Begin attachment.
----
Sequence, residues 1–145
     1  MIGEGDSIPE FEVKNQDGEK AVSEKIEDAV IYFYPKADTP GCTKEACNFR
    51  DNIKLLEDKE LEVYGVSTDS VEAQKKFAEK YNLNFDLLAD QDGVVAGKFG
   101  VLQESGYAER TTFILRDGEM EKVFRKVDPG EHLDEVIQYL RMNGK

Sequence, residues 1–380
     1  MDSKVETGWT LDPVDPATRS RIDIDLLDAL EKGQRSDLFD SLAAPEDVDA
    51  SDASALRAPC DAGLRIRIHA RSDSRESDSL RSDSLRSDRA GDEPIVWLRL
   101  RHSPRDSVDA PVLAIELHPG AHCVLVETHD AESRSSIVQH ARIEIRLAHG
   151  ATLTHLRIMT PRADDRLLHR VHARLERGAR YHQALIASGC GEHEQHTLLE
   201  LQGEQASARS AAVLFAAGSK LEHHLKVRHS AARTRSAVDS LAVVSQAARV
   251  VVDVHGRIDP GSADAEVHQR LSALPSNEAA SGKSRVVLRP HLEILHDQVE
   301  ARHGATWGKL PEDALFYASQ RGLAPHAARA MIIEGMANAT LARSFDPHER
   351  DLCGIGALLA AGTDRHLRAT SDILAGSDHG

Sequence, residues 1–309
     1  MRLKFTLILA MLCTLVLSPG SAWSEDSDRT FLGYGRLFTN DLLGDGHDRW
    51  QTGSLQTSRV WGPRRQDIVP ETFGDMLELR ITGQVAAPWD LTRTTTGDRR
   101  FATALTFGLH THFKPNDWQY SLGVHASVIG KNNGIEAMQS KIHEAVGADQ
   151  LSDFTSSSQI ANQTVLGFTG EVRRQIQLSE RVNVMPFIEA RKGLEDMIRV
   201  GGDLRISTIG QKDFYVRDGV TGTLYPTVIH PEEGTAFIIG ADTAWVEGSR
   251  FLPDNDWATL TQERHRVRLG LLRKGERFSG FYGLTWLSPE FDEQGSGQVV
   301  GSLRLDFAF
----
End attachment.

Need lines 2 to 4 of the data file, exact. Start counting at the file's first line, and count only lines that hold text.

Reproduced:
     1  MIGEGDSIPE FEVKNQDGEK AVSEKIEDAV IYFYPKADTP GCTKEACNFR
    51  DNIKLLEDKE LEVYGVSTDS VEAQKKFAEK YNLNFDLLAD QDGVVAGKFG
   101  VLQESGYAER TTFILRDGEM EKVFRKVDPG EHLDEVIQYL RMNGK